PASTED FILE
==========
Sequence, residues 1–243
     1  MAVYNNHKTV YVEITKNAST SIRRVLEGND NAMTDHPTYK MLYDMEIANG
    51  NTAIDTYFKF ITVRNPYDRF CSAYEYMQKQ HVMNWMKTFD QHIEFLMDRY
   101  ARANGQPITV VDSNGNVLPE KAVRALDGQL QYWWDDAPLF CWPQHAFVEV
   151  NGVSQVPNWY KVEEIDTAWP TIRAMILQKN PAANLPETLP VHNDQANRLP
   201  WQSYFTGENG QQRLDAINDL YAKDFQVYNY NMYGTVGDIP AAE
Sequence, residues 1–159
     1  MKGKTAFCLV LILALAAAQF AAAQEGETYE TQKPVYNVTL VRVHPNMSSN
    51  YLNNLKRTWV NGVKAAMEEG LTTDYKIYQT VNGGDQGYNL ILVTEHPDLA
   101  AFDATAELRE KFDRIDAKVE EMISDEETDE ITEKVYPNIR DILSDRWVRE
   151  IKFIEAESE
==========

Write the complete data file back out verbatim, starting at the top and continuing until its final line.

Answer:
Sequence, residues 1–243
     1  MAVYNNHKTV YVEITKNAST SIRRVLEGND NAMTDHPTYK MLYDMEIANG
    51  NTAIDTYFKF ITVRNPYDRF CSAYEYMQKQ HVMNWMKTFD QHIEFLMDRY
   101  ARANGQPITV VDSNGNVLPE KAVRALDGQL QYWWDDAPLF CWPQHAFVEV
   151  NGVSQVPNWY KVEEIDTAWP TIRAMILQKN PAANLPETLP VHNDQANRLP
   201  WQSYFTGENG QQRLDAINDL YAKDFQVYNY NMYGTVGDIP AAE
Sequence, residues 1–159
     1  MKGKTAFCLV LILALAAAQF AAAQEGETYE TQKPVYNVTL VRVHPNMSSN
    51  YLNNLKRTWV NGVKAAMEEG LTTDYKIYQT VNGGDQGYNL ILVTEHPDLA
   101  AFDATAELRE KFDRIDAKVE EMISDEETDE ITEKVYPNIR DILSDRWVRE
   151  IKFIEAESE